A new study published in the Nature Scientific Reports on July 13 suggests that powerful eruptions on the Sun can trigger large earthquakes on Earth. In the paper, the authors analyzed 20 years of proton density and velocity data, as recorded by the SOHO satellite, and the worldwide seismicity in the corresponding period, as reported by the ISC-GEM catalogue. They found a clear correlation between proton density and the occurrence of large earthquakes (M > 5.6), with a time shift of one day.
The Sun may seem relatively docile, but it is constantly bombarding the solar system with energy and particles in the form of the solar wind.
Sometimes, eruptions on the Sun's surface cause coronal mass ejections that hurtle through the solar system at extremely fast rates.
The new study suggests that particles from eruptions like this may be responsible for triggering groups of powerful earthquakes.
"Large earthquakes all around the world are not evenly distributed-- there is some correlation among them," said co-author Giuseppe De Natale, research director at the National Institute of Geophysics and Volcanology in Rome, Italy.
"We have tested the hypothesis that solar activity can influence the worldwide [occurrence of earthquakes]."
Scientists noted a pattern in some massive earthquakes around the planet-- they tend to occur in groups, not randomly. This indicates that there may be some global phenomenon triggering these worldwide tremors.
To address this, researchers searched through 20 years of data on both earthquakes and solar activity-- specifically from NASA-ESA’s Solar and Heliospheric Observatory (SOHO) satellite-- seeking any probable correlations.
Image credit: NASA/SDO
SOHO, located about 1.45 million km (900 000 miles) from our planet, monitors the Sun, which helps scientists track how much solar material strikes the Earth.
By comparing the ISC-GEM Global Instrumental Earthquake Catalogue-- a historical record of powerful tremors-- to SOHO data, the researchers noticed more strong earthquakes happened when the number and velocities of incoming solar protons increased.
When protons from the Sun peaked, there was also a spike in earthquakes above M5.6 for the next 24 hours.
"This statistical test of the hypothesis is very significant," said De Natale. "The probability that it's just by chance that we observe this, is very, very low-- less than 1 in 100 000."
After noticing there was a correlation between solar proton flux and strong earthquakes, the researchers went on to propose a mechanism called the reverse piezoelectric effect.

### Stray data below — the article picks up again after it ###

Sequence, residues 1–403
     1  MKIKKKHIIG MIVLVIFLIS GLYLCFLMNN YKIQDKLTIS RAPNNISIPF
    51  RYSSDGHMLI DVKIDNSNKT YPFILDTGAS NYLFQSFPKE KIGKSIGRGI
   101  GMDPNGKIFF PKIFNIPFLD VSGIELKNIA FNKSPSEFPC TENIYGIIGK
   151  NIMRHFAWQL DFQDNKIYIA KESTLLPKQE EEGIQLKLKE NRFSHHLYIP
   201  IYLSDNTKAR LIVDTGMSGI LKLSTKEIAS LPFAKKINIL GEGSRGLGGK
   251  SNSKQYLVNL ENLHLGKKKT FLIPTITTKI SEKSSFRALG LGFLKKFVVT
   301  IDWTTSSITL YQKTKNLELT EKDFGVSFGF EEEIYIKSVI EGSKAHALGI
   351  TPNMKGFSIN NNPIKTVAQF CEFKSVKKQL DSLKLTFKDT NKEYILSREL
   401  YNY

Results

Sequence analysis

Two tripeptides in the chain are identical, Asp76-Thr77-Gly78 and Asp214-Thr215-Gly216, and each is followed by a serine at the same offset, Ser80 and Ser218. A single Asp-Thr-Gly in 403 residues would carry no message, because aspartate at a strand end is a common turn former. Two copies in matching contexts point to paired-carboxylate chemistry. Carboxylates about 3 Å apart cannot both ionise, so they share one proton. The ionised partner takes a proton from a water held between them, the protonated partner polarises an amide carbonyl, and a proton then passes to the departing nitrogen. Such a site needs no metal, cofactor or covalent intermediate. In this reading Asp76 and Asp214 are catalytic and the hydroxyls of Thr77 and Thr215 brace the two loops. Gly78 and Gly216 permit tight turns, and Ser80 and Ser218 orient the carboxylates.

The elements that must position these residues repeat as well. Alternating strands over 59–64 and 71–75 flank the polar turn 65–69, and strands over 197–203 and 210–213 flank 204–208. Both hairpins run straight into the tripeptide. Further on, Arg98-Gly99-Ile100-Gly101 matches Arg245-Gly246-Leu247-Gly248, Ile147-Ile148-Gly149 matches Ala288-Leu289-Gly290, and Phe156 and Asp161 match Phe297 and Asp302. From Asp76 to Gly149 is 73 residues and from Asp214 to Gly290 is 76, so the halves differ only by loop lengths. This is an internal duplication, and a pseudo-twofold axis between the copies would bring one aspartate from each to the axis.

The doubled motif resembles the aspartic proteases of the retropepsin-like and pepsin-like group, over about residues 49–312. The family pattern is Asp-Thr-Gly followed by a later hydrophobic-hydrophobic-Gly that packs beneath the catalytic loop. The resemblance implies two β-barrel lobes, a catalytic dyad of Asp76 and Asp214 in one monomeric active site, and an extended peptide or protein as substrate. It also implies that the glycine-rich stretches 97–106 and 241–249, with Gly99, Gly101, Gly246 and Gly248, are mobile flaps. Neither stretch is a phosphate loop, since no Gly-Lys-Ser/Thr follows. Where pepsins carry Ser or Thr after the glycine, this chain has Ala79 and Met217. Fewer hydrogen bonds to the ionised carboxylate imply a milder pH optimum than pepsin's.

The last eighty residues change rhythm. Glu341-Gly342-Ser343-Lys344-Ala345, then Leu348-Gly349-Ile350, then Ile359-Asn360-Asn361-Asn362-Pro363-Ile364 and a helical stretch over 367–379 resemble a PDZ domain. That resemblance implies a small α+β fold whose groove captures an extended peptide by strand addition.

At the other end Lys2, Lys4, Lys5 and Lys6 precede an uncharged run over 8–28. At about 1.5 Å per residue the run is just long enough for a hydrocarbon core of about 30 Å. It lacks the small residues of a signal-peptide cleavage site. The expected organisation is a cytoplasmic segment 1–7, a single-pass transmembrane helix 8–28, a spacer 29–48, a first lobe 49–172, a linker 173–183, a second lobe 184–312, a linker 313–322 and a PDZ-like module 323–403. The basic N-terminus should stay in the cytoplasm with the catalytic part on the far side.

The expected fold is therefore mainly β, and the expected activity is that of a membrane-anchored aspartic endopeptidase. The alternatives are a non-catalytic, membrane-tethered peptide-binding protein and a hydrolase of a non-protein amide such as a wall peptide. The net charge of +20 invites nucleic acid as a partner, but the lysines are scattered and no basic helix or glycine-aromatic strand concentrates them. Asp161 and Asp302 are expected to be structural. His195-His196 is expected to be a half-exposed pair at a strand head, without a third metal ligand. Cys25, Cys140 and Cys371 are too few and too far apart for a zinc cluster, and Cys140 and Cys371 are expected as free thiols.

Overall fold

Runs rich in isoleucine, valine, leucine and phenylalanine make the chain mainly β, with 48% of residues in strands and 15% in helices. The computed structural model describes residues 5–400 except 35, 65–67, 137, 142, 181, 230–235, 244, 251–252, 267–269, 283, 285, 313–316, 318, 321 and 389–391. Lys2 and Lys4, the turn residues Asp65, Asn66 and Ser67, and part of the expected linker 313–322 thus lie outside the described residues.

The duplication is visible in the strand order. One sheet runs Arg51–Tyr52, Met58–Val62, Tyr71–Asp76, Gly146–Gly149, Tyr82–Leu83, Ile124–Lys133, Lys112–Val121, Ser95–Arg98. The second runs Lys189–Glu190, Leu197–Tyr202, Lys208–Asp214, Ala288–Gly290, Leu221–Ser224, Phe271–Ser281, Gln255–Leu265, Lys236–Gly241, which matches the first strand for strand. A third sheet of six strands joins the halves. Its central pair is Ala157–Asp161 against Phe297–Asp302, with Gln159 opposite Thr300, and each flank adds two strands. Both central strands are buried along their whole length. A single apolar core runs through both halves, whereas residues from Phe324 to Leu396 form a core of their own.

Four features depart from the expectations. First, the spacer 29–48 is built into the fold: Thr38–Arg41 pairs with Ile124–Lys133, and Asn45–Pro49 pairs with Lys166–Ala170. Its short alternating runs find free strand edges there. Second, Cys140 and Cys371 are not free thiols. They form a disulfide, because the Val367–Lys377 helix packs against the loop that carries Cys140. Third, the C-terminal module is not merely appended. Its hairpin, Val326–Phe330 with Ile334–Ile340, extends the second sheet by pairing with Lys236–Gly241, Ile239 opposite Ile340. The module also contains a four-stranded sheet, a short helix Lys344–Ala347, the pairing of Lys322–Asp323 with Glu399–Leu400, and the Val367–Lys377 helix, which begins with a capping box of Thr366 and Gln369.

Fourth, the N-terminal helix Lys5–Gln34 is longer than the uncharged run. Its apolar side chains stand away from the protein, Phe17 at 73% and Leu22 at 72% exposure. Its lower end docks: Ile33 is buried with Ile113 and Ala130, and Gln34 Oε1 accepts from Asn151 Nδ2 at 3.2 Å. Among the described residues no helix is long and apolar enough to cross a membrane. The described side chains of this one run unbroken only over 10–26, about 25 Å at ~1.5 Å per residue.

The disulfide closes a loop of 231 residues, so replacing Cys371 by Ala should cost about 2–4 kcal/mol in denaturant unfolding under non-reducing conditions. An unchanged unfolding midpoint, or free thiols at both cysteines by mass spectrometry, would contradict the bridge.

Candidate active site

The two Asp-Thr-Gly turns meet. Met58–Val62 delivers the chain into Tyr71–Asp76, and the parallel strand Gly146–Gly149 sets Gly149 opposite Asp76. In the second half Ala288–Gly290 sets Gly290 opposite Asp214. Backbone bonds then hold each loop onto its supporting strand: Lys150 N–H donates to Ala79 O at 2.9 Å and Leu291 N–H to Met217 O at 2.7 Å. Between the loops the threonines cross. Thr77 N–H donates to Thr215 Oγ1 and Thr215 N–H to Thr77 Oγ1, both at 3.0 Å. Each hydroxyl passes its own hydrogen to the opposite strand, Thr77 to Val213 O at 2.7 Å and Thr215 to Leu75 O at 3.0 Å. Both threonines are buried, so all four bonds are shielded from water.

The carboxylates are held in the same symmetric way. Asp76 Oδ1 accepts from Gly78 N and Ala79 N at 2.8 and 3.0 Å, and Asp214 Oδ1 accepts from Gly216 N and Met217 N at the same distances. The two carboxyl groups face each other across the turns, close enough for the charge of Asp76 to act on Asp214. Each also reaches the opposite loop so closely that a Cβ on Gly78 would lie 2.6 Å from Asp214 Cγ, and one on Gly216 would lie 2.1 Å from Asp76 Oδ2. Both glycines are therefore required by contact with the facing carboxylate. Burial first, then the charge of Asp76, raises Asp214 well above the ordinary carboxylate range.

Compressing quartz rock, something common in the Earth's crust, can produce electrical pulse through a process called the piezoelectric effect. The researchers think that such small pulses could destabilize faults that are nearing rupture, triggering earthquakes. Signals from electromagnetic evens, such as earthquake lightning and radio waves, have been recorded occurring alongside quakes in the past.
Some scientists think these events are caused by the quakes themselves, but other studies have spotted strong electromagnetic anomalies before huge earthquakes and not after, so the exact nature of the correlation of earthquakes and electromagnetic fields is still debated.
Meanwhile, this new explanation suggests that electromagnetic anomalies are not the result of earthquakes, but cause them instead. As positively charged protons from the Sun hit the Earth's magnetic bubble, they generate electromagnetic currents that propagate across the world. Pulses created by these currents go on to deform quartz in the crust, ultimately triggering earthquakes.
"On the correlation between solar activity and large earthquakes worldwide" - Marchitelli, V. et al. - Scientific Reports - https://doi.org/10.1038/s41598-020-67860-3 - OPEN ACCESS
Large earthquakes occurring worldwide have long been recognized to be non Poisson distributed, so involving some large scale correlation mechanism, which could be internal or external to the Earth. Till now, no statistically significant correlation of the global seismicity with one of the possible mechanisms has been demonstrated yet. In this paper, we analyze 20 years of proton density and velocity data, as recorded by the SOHO satellite, and the worldwide seismicity in the corresponding period, as reported by the ISC-GEM catalogue. We found clear correlation between proton density and the occurrence of large earthquakes (M > 5.6), with a time shift of one day. The significance of such correlation is very high, with probability to be wrong lower than 10–5. The correlation increases with the magnitude threshold of the seismic catalogue. A tentative model explaining such a correlation is also proposed, in terms of the reverse piezoelectric effect induced by the applied electric field related to the proton density. This result opens new perspectives in seismological interpretations, as well as in earthquake forecast.
Featured image credit: NASA/SDO